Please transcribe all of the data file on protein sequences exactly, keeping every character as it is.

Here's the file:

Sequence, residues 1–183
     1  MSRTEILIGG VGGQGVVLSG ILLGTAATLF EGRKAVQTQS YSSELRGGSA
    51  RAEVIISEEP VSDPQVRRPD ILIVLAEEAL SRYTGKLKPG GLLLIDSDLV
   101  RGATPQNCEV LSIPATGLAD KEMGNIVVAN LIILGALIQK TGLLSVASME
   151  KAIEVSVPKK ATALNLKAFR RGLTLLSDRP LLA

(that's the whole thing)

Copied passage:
Sequence, residues 1–183
     1  MSRTEILIGG VGGQGVVLSG ILLGTAATLF EGRKAVQTQS YSSELRGGSA
    51  RAEVIISEEP VSDPQVRRPD ILIVLAEEAL SRYTGKLKPG GLLLIDSDLV
   101  RGATPQNCEV LSIPATGLAD KEMGNIVVAN LIILGALIQK TGLLSVASME
   151  KAIEVSVPKK ATALNLKAFR RGLTLLSDRP LLA